Two students who returned from abroad after an academic year shared their experiences.
“The professors teach one or two classes per semester, and they are very knowledgeable about their area of expertise,” said Aaron Rossi, 28, a graduate Italian major who returned in June from Pavia. “It was really amazing.”
“It was a fantastic experience and I grew a lot as a person,” said Siena Kautz, 22, a double major in criminal justice and Italian. “You see the world from a different perspective.”
“It gets better when [the comments] come from the alumni,” said Marisa Thigpen, International Exchange Programs Advisor. “[Going abroad] is going to be the best year of your life.”
Scantily dressed actors and actresses with bulging breasts and cut abs prance along primetime television programming on a regular basis. Images of sex are everywhere. Advertising with overt and subliminal sexual content is plastered on roadside billboards, entrenched in song lyrics, boldly displayed on t-shirts and dominates the pages of newspapers and magazines. Ironically, however, sex is seen but not discussed.
Most SF State students are uncomfortable with openly talking about sex with their partners, leaving them vulnerable to becoming additional statistics to the HIV/AIDS pandemic. While they agree that sex is stimulating and stress relieving, students often fail to engage in the responsibility of communication and protection.
“We expect guys to use condoms without us having to tell them,” said Pauline Meyer, an undeclared SF State sophomore. “When they don’t, it’s too late to say, ‘um, excuse me, this can’t happen if you don’t have a condom.’ You’re kind of trapped.”
According to Rafael Diaz, director of SF State’s Cesar Chavez Institute, many people who suspect they have been exposed to HIV do not get tested because they are afraid of knowing. In the meantime, he said, they continue to have unprotected sex with unsuspecting partners.
“The majority of students who visit my office are heterosexual women who are concerned about their status because of a cheating boyfriend,” said Albert Angelo, a health educator at the SF State Student Health Center.
Angelo moderates six HIV/AIDS workshops per semester where he educates in upwards of 1000 students on how to protect themselves and where to go for counseling and medical attention.
“The biggest misconception among students is that having a one-night stand is their greatest worry,” said Angelo. “Not true. Statistics show that the vast majority of HIV cases are caused by the person sleeping next you – the one you’ve been in a long term relationship with.”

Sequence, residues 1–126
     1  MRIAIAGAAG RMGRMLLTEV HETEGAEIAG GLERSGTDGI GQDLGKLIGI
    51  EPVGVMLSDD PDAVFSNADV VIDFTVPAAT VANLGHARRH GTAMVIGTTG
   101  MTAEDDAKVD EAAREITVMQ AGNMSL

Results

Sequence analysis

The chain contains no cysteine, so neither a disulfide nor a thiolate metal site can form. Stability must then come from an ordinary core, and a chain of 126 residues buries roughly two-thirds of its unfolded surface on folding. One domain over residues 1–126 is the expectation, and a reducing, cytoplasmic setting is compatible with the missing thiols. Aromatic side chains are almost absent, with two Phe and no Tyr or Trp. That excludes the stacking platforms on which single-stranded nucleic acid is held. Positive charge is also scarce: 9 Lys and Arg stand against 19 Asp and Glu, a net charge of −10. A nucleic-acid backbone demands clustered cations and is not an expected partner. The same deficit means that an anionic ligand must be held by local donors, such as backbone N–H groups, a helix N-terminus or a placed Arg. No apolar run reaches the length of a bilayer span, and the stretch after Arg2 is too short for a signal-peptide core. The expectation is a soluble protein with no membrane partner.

Having unprotected sex one time with an HIV infected person does not necessarily mean that you will contract the virus. However, exposing yourself repeatedly to an infected person will increase your probability.
“No matter how much you think you trust someone, don’t,” said Stephanie Corbett, an SF State psychology student. “Always use a condom.”
The Center for Disease Control strongly agrees with Corbett. The CDC suggests that men and women be vigilant about using protection every time they engage in sexual activity because there are tens of thousands of Americans who are HIV positive but do not know it. This is attributed to the fact that symptoms are usually not prevalent until the virus has damaged the immune system to the point where the body can no longer fight off a minor virus, such as the common cold.
“HIV doesn’t kill you,” said Angelo. “It lets everything else kill you.”
The pharmaceutical industry markets a plethora of medications that promise those infected with HIV/AIDS the ability to participate in strenuous athletic activities. But Dr. Jose Ramon Fernandez-Pena, author of Aids: Contemporary Health Crisis, said the medications are a pipedream.
“What those ads don’t tell you is the meds cause such debilitating side effects that you’ll need to go to the bathroom every five minutes,” said Fernandez-Pena. “And when you’re taking 30 to 50 different pills a day, with all of their own and combined side effects, you aren’t going to feel like rock climbing or mountain biking for 10 miles.”
Ryan Olson, a design and industry master’s student, addressed an issue that many people believe excuses them from the AIDS pandemic.
“I’m married, so I don’t have to worry about AIDS,” said Olson. “It’s the furthest thing from my mind that she or I would have an outside relationship.”
Unfortunately, even married people should be proactive in ensuring their partners are not engaging in risky philandering. It is widely reported that over 50 percent of married men and women cheat at least once during their marriage. When this happens, the couple should immediately cease to have unprotected sex for six months from the last time the cheater had unprotected sex. At the six-month point both should get tested.
“Waiting the six months will guarantee the accuracy of the HIV/AIDS test and prevent the couple from having to be retested,” said Angelo.
Another unfortunate trend that married women need to be aware of is “the down low.” According to Angelo, it is when bi-sexual married men “hook-up” in secret.